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Home » Our Stories » The Story of Patrick Sheehan & His Family

The Stories Of The 43 Families Affected by the Possible  De-institutionalization of the Residents at Seven Hills Pediatric Center
The Story of Patrick Sheehan & His Family
Patrick is a Seven Hills Pediatric Resident
by Connie Paige
Parents of 31 profoundly mentally retarded residents of a skilled nursing home in the western suburbs are protesting the state's plan to move them to small group homes, as required by a recent legal settlement involving more than 600 mentally disabled patients.

The parents say the lack of round-the-clock care at the group homes would not meet the needs of their children, who suffer from serious medical conditions, cannot talk or walk, and have a mental age of less than one year.

"I think my son could die, easily," Clara Sheehan of Shrewsbury said of her son Patrick, 22, if he were forced to move from the Seven Hills Pediatric Center, a nursing home in Groton, to a group home.

Sheehan said she fears Patrick, a quadriplegic who has cerebral palsy and a tendency toward massive seizures, could suffer a medical setback and not receive adequate care in the new setting. "He could catch pneumonia or have a seizure, and no one would notice," she said.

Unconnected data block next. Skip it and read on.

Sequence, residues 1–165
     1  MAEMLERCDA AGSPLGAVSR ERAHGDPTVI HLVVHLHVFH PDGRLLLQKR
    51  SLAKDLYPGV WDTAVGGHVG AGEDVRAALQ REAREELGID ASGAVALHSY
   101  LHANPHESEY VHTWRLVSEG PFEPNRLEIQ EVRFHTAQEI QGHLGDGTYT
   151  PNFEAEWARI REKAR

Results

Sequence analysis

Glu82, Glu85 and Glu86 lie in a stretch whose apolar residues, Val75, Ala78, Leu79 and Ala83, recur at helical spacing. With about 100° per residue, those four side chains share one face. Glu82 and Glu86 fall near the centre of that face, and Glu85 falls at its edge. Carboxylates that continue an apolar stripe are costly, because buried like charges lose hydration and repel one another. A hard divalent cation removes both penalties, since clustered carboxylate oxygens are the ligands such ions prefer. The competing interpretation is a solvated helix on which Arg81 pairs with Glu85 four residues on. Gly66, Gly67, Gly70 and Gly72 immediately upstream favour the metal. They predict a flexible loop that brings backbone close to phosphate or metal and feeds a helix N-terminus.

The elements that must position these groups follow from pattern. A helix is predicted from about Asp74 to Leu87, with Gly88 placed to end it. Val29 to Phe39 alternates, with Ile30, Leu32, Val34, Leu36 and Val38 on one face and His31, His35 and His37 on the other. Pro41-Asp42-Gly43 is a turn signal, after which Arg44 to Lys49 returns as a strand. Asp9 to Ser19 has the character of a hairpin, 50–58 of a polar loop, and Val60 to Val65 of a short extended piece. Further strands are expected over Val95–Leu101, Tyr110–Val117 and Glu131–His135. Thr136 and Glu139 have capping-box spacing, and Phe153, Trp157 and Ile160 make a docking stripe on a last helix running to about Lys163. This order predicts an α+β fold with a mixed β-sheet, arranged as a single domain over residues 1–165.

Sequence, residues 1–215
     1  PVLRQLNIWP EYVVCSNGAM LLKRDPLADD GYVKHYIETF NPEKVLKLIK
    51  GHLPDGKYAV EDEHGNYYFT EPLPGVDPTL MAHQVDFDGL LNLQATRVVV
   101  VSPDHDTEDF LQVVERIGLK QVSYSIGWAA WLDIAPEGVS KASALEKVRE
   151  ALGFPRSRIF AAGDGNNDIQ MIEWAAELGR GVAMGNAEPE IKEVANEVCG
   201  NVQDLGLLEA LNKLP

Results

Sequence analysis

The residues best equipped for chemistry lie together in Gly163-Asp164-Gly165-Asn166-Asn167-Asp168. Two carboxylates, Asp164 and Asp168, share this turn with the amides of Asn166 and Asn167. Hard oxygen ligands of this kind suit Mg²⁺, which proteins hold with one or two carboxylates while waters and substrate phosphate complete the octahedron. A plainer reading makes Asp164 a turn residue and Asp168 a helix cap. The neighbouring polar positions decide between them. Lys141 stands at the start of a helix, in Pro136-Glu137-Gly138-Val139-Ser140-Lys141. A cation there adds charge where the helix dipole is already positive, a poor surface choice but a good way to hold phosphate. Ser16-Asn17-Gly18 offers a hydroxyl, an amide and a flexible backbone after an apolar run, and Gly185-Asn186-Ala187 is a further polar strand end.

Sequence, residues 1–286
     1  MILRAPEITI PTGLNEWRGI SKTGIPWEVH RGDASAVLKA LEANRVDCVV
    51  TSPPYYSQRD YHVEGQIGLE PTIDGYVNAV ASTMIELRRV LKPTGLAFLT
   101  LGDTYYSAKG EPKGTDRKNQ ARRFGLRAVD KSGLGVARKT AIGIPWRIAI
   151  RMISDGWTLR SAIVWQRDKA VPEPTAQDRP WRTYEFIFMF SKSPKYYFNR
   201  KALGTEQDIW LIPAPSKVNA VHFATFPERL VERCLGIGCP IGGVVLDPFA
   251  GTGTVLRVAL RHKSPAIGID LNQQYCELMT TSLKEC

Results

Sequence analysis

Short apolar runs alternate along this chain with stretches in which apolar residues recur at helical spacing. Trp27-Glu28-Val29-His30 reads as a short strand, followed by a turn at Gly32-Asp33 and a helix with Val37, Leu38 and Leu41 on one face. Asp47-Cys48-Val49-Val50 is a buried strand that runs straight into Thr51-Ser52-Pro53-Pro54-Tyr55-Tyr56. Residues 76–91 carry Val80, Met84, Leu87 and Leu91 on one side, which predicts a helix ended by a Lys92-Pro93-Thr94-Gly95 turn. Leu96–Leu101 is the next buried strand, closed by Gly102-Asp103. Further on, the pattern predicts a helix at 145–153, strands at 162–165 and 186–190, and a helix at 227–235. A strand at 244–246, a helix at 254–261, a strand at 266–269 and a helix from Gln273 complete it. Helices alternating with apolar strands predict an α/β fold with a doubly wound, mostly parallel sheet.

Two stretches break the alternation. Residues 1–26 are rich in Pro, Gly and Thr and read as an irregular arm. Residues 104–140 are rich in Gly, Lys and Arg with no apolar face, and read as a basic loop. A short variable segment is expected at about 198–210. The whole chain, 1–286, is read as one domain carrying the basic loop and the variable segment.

The legal settlement stems from a 1998 case filed against the state in US District Court in Springfield by the Center for Public Representation, a Newton-based nonprofit law firm representing people with disabilities, on behalf of Loretta Rolland and other state-supported patients with mental retardation or other mental disabilities in nursing homes.

At the time, there were about 1,600 such residents across the state, according to the Rolland settlement agreement. About 1,000 since have been placed in community homes.

The lawsuit hinged on the argument that, according to federal law, the mentally retarded must be provided with the opportunity to exercise personal choice, participate in and contribute to the community, develop and sustain varied and meaningful relationships, and acquire skills that increase self-reliance. That kind of treatment is offered in small group homes, but only rarely in nursing homes, the lawsuit says.

The settlement in June says that by 2012, the state must create 640 new community placement slots for the mentally retarded and disabled, and transition that number of nursing home residents into them. The 31 Seven Hills residents are on the list to be transferred.

State Assistant Secretary of Health and Human Services Jean McGuire said the state is obliged to heed the agreement, but noted the moves are part of Governor Deval Patrick's $20 million initiative, called Community First, to provide community homes to more than 30,000 disabled and elderly, some of whom now live in nursing homes.

"It's all about giving people - even people with intellectual impairment - a choice," McGuire said.

Sheehan doesn't see how a move helps her son. She represents one side in a clash of views about how to care for the disabled. Some believe they should be placed in small group homes with four or five residents. But others - particularly advocates for the profoundly retarded with multiple life-threatening medical conditions - say they need the specialized care of a skilled nursing home.